That is, perhaps, surprising to some. The 911, after all, is the venerated Don to which all other Porsche models pay homage in one way or another. Observers have noted the Cayman, but for some intentional choices by Porsche, would be the better car outright.
Whether or not you prefer the Cayman to the 911, however, it's easy to appreciate the neutral, balanced character of the smaller sports car, as well as its combination of relative lightness, power, and precision. From the mid-engined poise to the slick-shifting gearboxes (both the six-speed manual and seven-speed PDK dual-clutch), and in both base and S forms, the Cayman is a symphony of synergistic forces.
Those forces are lower and less than you'll find in the 911, especially at the top of the range with the 911 Turbo S, but they're no less satisfying. If anything, the Cayman is more accessible because it's a tick slower. Things don't happen faster than you can think, and more of the car's potential is available on the street without taking a walk on the homicidal side of the speedometer.
So what really makes the Cayman so great? In base form, it starts with a 2.7-liter flat six-cylinder good for 275 horsepower. The punchy little engine is also good for some truly mellifluous tones as it draws near its 7,400-rpm power peak and 7,800-rpm rev limit. With the base model, you'll work the gears a bit more, as its 213 pound-feet of torque comes at 4,500 rpm, and is never overwhelming. But that just makes for a more involved, engaging drive when pushing the limits.
When simply cruising, the power is more than ample for the 2,888-pound curb weight (with the manual; 2,954 lb with the PDK), making for a charmingly dual-natured car. When pressed, the Cayman with Sport Chrono and PDK will hit 60 mph in as little as 5.1 seconds; even in base form, the same run is completed in 5.4 seconds.
Step up to the Cayman S and you get that little extra hit of aggression for even more breathtaking performance. Power rises to 325 horsepower, and torque climbs to 272 pound-feet, though both arrive at the same rather lofty rpm figures, meaning you'll still have all the audiophilic pleasure of a screaming Porsche flat six. Acceleration is even quicker, the Cayman S hitting 60 mph in 4.7 seconds in base form, or as little as 4.4 seconds with all of the go-fast goodies--a few ticks quicker than the 911 Carrera S. Top speed gets a 10-mph bump from the base model's 165 mph, too.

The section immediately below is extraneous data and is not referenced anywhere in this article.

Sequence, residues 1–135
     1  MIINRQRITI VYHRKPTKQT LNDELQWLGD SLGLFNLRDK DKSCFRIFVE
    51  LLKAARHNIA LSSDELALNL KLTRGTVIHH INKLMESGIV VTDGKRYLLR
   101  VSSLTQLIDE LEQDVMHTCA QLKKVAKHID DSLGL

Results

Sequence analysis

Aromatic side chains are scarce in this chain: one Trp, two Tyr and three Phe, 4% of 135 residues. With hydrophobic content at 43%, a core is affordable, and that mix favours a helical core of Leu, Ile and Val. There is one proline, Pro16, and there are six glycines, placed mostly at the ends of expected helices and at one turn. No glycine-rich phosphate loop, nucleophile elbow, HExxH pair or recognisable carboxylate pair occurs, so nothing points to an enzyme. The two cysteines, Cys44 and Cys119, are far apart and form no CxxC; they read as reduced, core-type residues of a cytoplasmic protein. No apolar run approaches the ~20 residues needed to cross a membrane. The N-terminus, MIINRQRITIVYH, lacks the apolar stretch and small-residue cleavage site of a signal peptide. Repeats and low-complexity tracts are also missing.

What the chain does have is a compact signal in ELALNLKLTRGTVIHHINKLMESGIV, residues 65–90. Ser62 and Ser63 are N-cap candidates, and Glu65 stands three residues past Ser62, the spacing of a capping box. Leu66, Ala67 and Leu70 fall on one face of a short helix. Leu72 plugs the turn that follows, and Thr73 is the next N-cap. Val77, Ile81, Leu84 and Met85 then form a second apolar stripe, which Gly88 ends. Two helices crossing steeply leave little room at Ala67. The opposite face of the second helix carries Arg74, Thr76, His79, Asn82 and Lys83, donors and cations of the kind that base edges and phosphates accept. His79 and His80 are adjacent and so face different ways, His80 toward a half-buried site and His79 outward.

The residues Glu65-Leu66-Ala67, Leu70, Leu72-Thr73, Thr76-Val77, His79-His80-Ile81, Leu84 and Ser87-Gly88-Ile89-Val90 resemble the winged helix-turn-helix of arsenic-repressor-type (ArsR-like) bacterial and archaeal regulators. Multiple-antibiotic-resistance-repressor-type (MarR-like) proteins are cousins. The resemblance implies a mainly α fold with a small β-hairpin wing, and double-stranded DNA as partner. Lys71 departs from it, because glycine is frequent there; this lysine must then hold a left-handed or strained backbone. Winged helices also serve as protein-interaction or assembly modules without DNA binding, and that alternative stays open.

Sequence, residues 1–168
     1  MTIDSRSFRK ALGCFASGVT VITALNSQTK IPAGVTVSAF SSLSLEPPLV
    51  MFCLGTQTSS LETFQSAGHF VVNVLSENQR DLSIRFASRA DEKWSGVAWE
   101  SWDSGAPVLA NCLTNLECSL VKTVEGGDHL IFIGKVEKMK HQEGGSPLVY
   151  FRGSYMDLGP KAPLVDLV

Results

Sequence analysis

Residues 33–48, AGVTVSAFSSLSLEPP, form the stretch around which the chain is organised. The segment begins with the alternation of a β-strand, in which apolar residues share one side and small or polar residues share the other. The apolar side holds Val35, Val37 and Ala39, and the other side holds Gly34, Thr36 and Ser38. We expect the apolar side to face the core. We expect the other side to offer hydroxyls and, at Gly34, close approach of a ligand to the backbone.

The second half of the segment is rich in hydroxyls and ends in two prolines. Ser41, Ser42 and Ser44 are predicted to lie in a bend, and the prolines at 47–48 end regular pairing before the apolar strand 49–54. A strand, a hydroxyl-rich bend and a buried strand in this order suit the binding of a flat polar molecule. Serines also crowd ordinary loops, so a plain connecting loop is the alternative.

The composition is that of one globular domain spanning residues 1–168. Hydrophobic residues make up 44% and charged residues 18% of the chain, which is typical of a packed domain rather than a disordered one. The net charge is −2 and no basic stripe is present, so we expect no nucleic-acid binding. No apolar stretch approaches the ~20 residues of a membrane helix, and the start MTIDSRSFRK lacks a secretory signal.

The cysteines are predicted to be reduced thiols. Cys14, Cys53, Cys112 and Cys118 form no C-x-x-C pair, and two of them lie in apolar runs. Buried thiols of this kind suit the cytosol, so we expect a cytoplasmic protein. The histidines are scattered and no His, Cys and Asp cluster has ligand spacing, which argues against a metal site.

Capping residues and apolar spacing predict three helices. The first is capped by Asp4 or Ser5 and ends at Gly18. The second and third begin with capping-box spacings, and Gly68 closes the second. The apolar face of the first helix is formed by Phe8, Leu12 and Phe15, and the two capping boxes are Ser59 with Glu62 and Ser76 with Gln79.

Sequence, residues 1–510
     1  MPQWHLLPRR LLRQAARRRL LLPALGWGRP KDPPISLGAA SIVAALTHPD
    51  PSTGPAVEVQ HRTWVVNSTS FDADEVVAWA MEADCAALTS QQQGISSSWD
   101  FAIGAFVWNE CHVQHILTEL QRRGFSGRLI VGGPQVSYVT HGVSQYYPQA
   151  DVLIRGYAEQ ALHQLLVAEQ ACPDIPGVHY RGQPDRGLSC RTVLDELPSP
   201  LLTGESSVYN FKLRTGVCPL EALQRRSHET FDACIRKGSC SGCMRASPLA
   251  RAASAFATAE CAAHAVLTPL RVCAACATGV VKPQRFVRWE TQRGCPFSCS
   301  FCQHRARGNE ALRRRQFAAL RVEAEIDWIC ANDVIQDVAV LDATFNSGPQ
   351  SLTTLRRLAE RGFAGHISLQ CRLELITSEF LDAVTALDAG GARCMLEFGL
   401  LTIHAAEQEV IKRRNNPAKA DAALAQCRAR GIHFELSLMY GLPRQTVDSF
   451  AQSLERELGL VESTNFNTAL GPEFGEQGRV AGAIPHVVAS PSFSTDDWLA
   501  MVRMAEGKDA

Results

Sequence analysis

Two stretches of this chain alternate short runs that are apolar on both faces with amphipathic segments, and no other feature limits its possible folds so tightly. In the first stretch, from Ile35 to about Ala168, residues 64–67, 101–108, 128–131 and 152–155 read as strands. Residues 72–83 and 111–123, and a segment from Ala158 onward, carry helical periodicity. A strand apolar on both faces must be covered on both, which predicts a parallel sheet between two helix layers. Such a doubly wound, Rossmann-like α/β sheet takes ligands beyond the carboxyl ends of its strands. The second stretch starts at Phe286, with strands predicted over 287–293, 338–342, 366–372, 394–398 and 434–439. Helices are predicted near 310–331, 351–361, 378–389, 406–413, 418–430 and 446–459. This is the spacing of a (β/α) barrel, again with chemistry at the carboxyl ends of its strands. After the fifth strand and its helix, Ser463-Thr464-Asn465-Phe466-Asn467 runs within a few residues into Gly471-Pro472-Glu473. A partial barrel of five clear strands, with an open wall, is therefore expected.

2014 Porsche Cayman
But just being sporty is easy enough for a Porsche; to be our Best Car To Buy, a car must also be at least somewhat practical. The Cayman, thanks to its mid-engined layout, manages this surprisingly well. Up front, there's a trunk that's as large as a MX-5's at 5.3 cubic feet. But then there's another 9.7 cubic feet in the rear hatch area. Altogether, it's plenty of space for a weekend's luggage, plus room to bring home some mementos--or enough space to do a week's grocery run for two. At up to 22/32 mpg city/highway in base form (or 21/30 mpg for the Cayman S), it won't break the bank if it's pressed into commuter duty, either--and the drive to work will never be more fun.
Then there's the feature list, which is rather extensive in standard configuration, including full power accessories, climate control, rain-sensing wipers, electric-adjust/heated exterior mirrors, CD/AM/FM/MP3 audio with four speakers, a 7-inch color touchscreen display interface, Bluetooth, cruise control, and more. Add-ons include upgrades to the leather, interior and exterior color and appearance customization, performance upgrades, premium Bose or Burmester audio systems, and much, much more. So much more, in fact, that the $52,600 Cayman and $63,800 Cayman S base prices can quickly inflate to $80,000 or $100,000--or more.
And of course, you'll have to look at the Cayman. Or, more accurately, you'll want to, and so will everyone else. Graceful curves, tasteful performance-styled details, and Porsche's classic themes wrap the Cayman in an elegant, sleek form that might just be Porsche's most beautiful design yet. Inside, the style directly emulates that of the 911's front row, with a simple but never spartan aesthetic that emphasizes the driver's role while putting controls close at hand, with a granular, button-focused scheme in the center stack.
In other words, the Cayman is undoubtedly the "junior" car to the 911, but in terms of the driving experience, the equipment, the comfort, and the style, it feels anything but second-class. But is it good enough to take down this year's cream of the sports/luxury crop to win Motor Authority's Best Car To Buy 2014 award? Find out November 12.
Motor Authority's Best Car To Buy 2014 award